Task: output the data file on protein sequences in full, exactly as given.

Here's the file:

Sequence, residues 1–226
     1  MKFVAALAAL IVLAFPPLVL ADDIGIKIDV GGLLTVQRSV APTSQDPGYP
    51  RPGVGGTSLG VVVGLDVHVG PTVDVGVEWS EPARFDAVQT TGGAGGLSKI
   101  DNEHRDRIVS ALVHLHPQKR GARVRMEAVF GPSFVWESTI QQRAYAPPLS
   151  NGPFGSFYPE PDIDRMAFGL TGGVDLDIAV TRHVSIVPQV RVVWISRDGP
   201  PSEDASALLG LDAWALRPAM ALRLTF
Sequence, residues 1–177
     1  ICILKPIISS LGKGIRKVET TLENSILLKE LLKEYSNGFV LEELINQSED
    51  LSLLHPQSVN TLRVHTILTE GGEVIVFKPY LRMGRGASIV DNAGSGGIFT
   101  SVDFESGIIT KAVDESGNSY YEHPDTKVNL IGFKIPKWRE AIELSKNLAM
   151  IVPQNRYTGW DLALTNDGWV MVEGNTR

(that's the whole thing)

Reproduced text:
Sequence, residues 1–226
     1  MKFVAALAAL IVLAFPPLVL ADDIGIKIDV GGLLTVQRSV APTSQDPGYP
    51  RPGVGGTSLG VVVGLDVHVG PTVDVGVEWS EPARFDAVQT TGGAGGLSKI
   101  DNEHRDRIVS ALVHLHPQKR GARVRMEAVF GPSFVWESTI QQRAYAPPLS
   151  NGPFGSFYPE PDIDRMAFGL TGGVDLDIAV TRHVSIVPQV RVVWISRDGP
   201  PSEDASALLG LDAWALRPAM ALRLTF
Sequence, residues 1–177
     1  ICILKPIISS LGKGIRKVET TLENSILLKE LLKEYSNGFV LEELINQSED
    51  LSLLHPQSVN TLRVHTILTE GGEVIVFKPY LRMGRGASIV DNAGSGGIFT
   101  SVDFESGIIT KAVDESGNSY YEHPDTKVNL IGFKIPKWRE AIELSKNLAM
   151  IVPQNRYTGW DLALTNDGWV MVEGNTR